With SaaS delivery, all threat hunting at the heart of a SIEM or an IDS is performed by the provider’s servers. Thus, any discovery is immediately available to the provider and is communicated to response modules on the customer’s site. As a result, it takes almost no effort to accumulate the findings encountered in the operational data of a client implementation into a central database.

The provider’s threat intelligence database will strip out identifiers of the client and just contain the IoC. As all client accounts are hosted on the same platform, that IoC database is instantly available for reference by all instances. So, rather than streaming a feed through to many clients, the threat hunting module is programmed to refer to the significant threat database, cutting out transmission and delay.

Some major software platform providers not directly involved in cyber security produce their threat intelligence feeds; for example, Microsoft processes threat information by examining attacks on its cloud-based Microsoft 360 and Azure platforms. Facebook has also created its threat intelligence systems, as has IBM.

Threat intelligence exchanges

The leading cybersecurity tools providers globally have extensive client bases, which enables them to gather threat intelligence from many companies daily. However, the control of threat intelligence by a few global corporations doesn’t allow the industry to expand through the entry of new providers. Threat intelligence exchanges address this problem.

Threat intelligence exchanges have been around for a long time. However, they are not a recent development to lessen the dominance of the large cybersecurity providers.

The first system that provided threat intelligence was, and still is, free to use. This is a service called the Open Threat Exchange (OTX). AlienVault developed this platform. The AlienVault business evolved from another open-source project, called OSSIM, an early SIEM system that is still available and is free to use.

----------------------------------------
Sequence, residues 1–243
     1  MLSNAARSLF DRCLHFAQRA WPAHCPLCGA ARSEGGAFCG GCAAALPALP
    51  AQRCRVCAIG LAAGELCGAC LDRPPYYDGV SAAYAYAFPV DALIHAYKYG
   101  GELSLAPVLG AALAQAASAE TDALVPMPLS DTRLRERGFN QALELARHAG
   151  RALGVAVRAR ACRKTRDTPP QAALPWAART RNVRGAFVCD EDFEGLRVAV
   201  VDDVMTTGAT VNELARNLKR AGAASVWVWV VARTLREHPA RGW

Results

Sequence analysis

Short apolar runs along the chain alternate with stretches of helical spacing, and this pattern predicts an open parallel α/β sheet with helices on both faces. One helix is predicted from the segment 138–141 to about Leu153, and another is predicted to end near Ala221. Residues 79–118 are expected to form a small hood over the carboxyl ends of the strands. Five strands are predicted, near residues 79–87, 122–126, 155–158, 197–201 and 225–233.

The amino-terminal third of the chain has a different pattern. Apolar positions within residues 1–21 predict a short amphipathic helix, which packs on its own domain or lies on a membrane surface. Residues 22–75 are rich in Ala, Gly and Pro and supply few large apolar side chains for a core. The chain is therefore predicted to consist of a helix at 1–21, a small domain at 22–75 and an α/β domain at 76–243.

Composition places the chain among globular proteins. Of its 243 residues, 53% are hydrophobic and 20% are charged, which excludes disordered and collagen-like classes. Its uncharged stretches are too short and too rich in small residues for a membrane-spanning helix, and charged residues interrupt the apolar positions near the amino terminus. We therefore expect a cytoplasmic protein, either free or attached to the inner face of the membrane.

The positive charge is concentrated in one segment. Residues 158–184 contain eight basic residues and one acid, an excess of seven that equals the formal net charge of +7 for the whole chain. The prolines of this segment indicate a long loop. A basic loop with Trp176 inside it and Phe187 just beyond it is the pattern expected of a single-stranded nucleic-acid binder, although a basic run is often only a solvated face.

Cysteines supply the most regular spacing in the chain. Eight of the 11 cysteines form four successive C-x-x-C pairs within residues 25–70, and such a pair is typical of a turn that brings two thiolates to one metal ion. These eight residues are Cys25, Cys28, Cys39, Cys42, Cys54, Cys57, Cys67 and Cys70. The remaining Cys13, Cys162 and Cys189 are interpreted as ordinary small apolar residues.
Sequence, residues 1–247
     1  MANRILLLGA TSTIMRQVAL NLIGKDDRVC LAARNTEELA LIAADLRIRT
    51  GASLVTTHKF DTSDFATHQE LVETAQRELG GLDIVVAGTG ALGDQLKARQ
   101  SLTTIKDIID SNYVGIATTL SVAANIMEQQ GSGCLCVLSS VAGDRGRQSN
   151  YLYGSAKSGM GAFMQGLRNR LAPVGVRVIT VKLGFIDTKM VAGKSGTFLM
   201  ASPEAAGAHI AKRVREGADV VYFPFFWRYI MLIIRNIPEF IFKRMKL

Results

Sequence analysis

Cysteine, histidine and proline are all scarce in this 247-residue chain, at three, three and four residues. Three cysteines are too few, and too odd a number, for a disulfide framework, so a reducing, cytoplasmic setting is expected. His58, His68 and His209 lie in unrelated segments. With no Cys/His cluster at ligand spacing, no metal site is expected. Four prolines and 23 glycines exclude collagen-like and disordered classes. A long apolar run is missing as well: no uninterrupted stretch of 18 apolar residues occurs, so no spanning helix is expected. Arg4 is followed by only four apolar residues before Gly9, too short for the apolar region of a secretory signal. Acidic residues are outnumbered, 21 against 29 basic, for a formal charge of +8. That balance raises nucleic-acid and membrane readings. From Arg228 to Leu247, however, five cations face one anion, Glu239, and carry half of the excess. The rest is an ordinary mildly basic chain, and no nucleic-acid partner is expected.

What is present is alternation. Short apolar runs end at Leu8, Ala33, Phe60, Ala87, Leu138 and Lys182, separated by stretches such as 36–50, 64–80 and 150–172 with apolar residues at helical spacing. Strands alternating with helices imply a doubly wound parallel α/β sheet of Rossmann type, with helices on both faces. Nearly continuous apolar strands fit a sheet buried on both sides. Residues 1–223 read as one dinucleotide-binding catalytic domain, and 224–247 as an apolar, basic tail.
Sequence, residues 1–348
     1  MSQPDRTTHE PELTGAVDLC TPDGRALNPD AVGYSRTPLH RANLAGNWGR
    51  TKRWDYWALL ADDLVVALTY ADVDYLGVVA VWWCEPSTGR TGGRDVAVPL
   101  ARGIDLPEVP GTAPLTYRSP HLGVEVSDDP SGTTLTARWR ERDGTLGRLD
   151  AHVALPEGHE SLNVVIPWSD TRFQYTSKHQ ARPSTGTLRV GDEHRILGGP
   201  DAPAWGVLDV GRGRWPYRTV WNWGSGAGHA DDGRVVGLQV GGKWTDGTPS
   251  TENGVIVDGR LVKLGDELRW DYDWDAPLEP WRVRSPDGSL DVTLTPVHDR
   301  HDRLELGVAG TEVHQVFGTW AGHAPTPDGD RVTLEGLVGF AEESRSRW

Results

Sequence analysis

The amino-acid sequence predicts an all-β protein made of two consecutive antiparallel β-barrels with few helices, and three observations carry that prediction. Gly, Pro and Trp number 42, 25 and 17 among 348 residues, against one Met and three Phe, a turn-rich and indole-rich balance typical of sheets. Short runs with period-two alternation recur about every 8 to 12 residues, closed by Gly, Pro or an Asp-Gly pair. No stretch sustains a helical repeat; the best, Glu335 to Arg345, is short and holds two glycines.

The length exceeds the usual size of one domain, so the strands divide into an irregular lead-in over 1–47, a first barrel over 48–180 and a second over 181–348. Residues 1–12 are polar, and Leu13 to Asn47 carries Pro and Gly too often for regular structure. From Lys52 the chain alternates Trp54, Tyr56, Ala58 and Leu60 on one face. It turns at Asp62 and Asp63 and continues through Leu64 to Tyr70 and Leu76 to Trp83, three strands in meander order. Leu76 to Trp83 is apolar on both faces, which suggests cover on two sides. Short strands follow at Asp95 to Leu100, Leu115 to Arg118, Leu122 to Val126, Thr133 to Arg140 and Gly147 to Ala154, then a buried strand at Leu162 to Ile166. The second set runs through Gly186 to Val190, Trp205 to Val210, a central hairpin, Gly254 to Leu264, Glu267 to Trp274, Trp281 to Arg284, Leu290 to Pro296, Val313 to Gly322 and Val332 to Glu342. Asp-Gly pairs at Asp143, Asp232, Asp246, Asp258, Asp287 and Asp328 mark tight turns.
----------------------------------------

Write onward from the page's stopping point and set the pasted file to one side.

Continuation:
OTX allows businesses to contribute to and extract records from a typical data lake of IoCs. The extracts can be automated and fed directly into cyber security software. Since OTX was launched, much other free threat intelligence ishas have been available. Several subscription services are not directly associated with any specific security software providers.

Threat Intelligence Feed formats

Although there is no single format for threat intelligence feeds, several initiatives have formulated a layout for tactical threat intelligence feed record layouts.

  • STIX and TAXII
  • OpenloC
  • MAEC

Threat intelligence feeds can also be provided in JSON and CSV formats.


STIX is probably the best-known format for automated threat intelligence feeds. It is an open-source project and is free to access. The name is an abbreviation of Structured Threat Information Expression. It is closely related to TAXII (Trusted Automated eXchange of Intelligence Information), an administrative protocol that provides a framework for organizing and distributing STIX-formatted data.

The purpose of STIX is to formalize the layout of TTP records that detail actual threat strategies, including details on the hacker teams behind them. STIX is a machine-readable feed that would be of particular interest to the producers of systems such as vulnerability managers.


OpenloC, this standard is an XML format for communicating IoC data. The system was developed by Mandiant/FireEye and is free to use. However, this system is complicated to integrate into automated generating and consuming processes because it produces three has records for each IoC – metadata, references, and definition.

Mandiant and FireEye have been through a merger, a rebranding, and a demerger. As a result, the responsibility for OpenIoC now lies with FireEye. The company offers a free OpenIoC Editor, OpenIoC Writer, and IoC Finder.